Elena Dementieva braced herself for another humbling experience when her name came out alongside that of defending champion Venus Williams in the draw for the Sony Ericsson WTA Tour Championships.
Dementieva mars Venus bid
DOHA // Elena Dementieva braced herself for another humbling experience when her name came out alongside that of defending champion Venus Williams in the draw for the Sony Ericsson WTA Tour Championships. The well-travelled Russian may have an Olympic gold medal as her prize possession to convince the tennis world that she is up there with the best of her profession but whenever it came to proving it against Venus she tended to be found wanting.
Five successive defeats to the powerful American became six in the most humiliating of fashions at Stanford in July when Dementieva managed to take just a single game from the marauding Williams and she admitted to "not liking that match". From that "miserable day" she had been "really looking forward" to having another shot at Venus, and when it came her way in Doha she rose to the occasion splendidly to recover from an uncertain start and record a tremendous 3-6, 7-6 (8-6), 6-2 victory.
"This time I was trying to play a little different because I think she likes the way I play," said Dementieva who looked on the way to a familiar reverse as she trailed by a set and a break to the five-times Wimbledon champion. "Venus just seems very comfortable playing me from the baseline so I knew that if I was going to beat her for the first time in such a long time [more than five years] I had mix it up more and keep her on the move. It feels like it's worked."
Dementieva, 28, who now needs to defeat Serena Williams or Svetlana Kuznetsova in the next two days to secure a place in Saturday's quarter-finals, knew that her fate against Venus depended on her producing a solid performance in the second set-tie break. She did so, until holding three set points, and then almost threw away her big chance by squandering all of them before gratefully accepting a fourth to earn a deciding set which she dominated against a champion whose unforced error count reached a shameful 52.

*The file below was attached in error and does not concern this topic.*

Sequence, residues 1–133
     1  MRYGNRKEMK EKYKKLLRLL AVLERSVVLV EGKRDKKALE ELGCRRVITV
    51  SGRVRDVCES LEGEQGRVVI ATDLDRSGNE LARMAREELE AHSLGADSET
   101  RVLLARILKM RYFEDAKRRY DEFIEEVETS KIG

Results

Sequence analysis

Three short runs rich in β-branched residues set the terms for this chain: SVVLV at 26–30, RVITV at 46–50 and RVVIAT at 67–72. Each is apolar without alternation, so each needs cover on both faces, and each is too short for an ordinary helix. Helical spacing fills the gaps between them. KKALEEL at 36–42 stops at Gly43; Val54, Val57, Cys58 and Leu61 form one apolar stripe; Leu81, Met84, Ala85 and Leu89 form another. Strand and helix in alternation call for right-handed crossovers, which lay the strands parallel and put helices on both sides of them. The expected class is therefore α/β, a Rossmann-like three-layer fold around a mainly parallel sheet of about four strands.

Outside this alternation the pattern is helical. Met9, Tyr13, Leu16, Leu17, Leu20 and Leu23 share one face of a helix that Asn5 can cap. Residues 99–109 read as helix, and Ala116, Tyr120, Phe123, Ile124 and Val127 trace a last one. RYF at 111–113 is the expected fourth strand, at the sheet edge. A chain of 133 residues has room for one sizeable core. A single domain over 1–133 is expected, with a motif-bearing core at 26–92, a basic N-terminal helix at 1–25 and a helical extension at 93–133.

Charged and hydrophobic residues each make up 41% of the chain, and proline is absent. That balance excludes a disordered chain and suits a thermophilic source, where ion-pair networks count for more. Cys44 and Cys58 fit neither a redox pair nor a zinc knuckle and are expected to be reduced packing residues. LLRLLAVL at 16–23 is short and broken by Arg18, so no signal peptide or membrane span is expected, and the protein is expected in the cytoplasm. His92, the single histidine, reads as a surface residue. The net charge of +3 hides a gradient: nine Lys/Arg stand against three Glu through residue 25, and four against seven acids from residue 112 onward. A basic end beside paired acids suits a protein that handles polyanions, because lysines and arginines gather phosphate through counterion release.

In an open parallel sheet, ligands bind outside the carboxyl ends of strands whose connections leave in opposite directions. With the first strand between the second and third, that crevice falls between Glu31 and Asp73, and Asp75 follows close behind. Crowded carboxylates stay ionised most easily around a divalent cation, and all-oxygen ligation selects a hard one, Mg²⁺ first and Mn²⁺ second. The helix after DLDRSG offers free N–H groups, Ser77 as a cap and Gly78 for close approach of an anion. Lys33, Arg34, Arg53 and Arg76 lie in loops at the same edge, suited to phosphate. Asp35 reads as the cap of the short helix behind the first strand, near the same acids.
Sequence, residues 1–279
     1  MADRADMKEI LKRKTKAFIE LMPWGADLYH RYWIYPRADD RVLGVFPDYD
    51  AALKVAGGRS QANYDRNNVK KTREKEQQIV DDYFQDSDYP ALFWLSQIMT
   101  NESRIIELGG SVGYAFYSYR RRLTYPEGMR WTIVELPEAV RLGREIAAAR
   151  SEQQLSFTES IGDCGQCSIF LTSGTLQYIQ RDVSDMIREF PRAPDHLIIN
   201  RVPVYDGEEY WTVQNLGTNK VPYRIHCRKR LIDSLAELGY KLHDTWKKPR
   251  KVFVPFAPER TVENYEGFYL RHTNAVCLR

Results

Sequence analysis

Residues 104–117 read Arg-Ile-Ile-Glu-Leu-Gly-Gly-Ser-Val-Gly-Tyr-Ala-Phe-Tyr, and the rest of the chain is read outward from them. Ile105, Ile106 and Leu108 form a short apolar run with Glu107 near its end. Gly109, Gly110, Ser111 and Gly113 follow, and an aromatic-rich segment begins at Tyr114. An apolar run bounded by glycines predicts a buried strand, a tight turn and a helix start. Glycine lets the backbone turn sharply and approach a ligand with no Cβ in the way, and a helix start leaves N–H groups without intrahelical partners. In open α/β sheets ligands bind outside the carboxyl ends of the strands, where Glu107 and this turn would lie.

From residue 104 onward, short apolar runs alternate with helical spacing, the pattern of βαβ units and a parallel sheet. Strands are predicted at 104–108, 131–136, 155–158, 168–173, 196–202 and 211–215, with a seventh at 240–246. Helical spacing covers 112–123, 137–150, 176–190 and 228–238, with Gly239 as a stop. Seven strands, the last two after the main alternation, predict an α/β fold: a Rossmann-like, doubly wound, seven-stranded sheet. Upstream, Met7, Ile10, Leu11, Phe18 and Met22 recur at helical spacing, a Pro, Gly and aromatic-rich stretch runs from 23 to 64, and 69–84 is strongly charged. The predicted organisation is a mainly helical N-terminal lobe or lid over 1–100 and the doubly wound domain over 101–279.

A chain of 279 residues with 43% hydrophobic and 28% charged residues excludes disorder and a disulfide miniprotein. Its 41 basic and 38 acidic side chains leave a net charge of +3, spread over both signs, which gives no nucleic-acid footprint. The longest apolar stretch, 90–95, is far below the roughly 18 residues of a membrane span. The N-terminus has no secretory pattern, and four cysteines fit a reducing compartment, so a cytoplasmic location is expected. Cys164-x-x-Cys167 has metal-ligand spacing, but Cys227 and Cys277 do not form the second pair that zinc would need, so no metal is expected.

Dementieva herself committed 37 errors and the serve which in the early part of her career was a massive handicap to her otherwise solid all-court game was a mixture of good and bad as her 15 double faults were accompanied by a successive of outright winners. Dementieva's consistently high world ranking has enabled her to attend the prestigious end-of-season play-offs in nine of the last 10 years but until last year when she lost to compatriot Vera Zvonareva in the semi-finals she had failed to progress past the group stage.
A former Dubai champion, she relishes the chance to add another Middle East title to her collection of 14 on her travels. "Our group is very tough," she reflected, "so it is a big challenge for all of us." Dementieva added: "It would be nice to get to the semis at the expense of some of the eight best players in the world." With her match against Serena shaping up to be the group decider, Dementieva looked back with mixed feelings at the equally high profile encounter she had with the world No 2 at Wimbledon in July where she held match point in an epic battle. "That was probably one of the best matches of my career, even though I lost it," she said. "Hopefully the experience of that is going to help me here."